Marketing Insights

Advertising, Behavioral Economics, Food & Culinary, Strategy

Consumer Insight: The Key to Unlocking More Awesome in Your Marketing

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Sarah Duchemin

There’s a difference between a good campaign — one with pretty creative and smart media spending — and a great campaign.

A great campaign changes the game.

Or it changes the conversation.

Most importantly, a great campaign actually changes consumer behavior.

The difference between good and great nearly always comes down to insight. Not just any insight, but an actionable consumer insight.

What is a Consumer Insight?

A consumer insight is a nugget of knowledge about a consumer that when leveraged can help brands beneficially change the behavior of their customers.

The definition of consumer insight hints at its power: We’re talking about an understanding of your customers and potential customers that can help your product or your messaging have real-world impact.

Here’s why this is important to me: At LSB, we believe that advertising can’t succeed unless it finds a way to make a brand matter. I know it’s a simple thing to say, but it’s not really a simple thing to do. And discovering a real consumer insight is the first step.

Truly Powerful Insights are More than Facts

“Insight is usually pegged to the word ‘consumer’ but there are myriad kinds of insight in our industry – business, media, product, brand, strategic and competitive,” Merry Baskin wrote in a WARC Best Practice paper on delivering consumer insight.

In fact, there are even more types of brand insights, including social, cultural and categorical.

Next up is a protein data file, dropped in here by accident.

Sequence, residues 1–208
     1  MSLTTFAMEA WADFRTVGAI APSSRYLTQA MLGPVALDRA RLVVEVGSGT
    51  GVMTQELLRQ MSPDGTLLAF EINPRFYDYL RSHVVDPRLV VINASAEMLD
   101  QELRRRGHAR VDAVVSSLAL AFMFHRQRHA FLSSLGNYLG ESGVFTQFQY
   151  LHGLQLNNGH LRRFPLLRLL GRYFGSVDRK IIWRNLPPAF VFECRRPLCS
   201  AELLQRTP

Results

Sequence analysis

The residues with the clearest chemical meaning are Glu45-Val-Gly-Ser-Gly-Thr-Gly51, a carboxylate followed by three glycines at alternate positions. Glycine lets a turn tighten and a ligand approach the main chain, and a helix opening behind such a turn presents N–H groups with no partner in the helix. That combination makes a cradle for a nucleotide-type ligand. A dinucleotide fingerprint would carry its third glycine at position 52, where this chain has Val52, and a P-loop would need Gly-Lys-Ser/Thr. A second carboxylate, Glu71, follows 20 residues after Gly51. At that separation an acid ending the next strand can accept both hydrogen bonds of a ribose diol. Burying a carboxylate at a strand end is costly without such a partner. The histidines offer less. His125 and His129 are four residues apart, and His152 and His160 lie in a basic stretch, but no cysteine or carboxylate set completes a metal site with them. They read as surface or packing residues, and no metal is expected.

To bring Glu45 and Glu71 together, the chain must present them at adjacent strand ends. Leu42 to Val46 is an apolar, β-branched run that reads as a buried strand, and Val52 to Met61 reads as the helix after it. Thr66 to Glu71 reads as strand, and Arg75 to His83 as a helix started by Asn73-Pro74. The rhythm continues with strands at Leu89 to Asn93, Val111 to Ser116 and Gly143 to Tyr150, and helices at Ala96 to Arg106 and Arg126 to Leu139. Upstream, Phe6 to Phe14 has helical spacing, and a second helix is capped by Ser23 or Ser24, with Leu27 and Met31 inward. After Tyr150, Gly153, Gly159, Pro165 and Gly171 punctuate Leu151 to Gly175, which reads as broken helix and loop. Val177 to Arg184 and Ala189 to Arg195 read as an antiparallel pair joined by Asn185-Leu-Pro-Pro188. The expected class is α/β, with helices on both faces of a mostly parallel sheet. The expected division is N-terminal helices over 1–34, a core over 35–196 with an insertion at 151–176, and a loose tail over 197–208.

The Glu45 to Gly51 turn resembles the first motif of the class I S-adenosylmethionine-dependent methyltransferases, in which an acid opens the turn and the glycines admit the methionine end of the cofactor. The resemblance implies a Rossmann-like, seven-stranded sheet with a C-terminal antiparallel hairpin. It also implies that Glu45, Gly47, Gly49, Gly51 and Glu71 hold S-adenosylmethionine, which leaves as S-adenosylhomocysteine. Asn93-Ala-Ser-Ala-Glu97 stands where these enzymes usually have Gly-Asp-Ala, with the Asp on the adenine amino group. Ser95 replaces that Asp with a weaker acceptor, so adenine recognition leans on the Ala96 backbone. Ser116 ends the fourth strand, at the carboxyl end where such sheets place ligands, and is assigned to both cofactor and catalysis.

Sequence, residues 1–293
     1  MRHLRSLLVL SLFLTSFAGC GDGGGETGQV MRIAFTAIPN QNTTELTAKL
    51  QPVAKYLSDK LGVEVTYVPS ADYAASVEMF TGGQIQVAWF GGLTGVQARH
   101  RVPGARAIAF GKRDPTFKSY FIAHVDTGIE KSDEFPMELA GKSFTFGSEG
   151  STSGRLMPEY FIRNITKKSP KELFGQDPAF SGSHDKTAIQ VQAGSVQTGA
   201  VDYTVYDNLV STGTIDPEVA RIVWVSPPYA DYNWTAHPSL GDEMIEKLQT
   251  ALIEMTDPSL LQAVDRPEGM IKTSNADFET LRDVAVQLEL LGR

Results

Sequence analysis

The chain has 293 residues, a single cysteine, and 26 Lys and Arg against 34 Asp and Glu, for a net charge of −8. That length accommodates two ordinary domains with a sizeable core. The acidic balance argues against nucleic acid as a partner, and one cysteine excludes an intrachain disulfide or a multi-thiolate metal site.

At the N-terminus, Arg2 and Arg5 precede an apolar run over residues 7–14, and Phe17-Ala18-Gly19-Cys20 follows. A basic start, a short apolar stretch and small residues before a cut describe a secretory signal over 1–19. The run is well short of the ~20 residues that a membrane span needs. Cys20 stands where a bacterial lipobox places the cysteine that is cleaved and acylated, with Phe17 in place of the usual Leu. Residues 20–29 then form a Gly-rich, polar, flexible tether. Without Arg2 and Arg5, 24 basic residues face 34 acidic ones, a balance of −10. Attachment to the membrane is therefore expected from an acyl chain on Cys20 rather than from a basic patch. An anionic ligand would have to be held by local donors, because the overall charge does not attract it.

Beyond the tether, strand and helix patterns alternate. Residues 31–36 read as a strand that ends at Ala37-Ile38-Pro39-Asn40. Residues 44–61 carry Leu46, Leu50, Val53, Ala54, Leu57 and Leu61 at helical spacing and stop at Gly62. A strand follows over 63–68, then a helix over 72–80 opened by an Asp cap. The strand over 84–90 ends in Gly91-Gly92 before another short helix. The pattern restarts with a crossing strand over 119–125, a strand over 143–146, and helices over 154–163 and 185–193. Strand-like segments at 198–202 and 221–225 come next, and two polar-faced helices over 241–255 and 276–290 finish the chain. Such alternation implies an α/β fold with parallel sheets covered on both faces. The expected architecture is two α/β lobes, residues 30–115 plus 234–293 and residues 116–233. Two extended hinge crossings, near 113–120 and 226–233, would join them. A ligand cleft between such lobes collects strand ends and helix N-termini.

The point is that while there are many kinds of insights, the insights that are relevant here are the insights that motivate people, influence their beliefs and change their behavior.

Those are an important—even essential—component of brand development.

As Baskin went on to say in the consumer insight paper, “If the response is ‘so what?’, or ‘and..? Your point is?’ then you haven’t got an insight. If the response is ‘Aha!’ (‘that makes sense, I can see now why that is so, I know exactly what to do with it’) then you’ve struck gold.”

Examples of Powerful Insight

Sometimes finding consumer insights is easy. Take McDonald’s and their move to all-day breakfast. Consumers were literally begging for this for years—in its release announcing the change, the chain claimed more than 120,000 people tweeted McDonald’s asking for all-day breakfast in the previous year alone.

Survey after survey showed that consumers prefer McDonalds’ breakfast above all other fast-food breakfasts. In the end, the burger behemoth finally made it a priority to work out the breakfast puzzle.

OK! Uncle! All-day breakfast it is!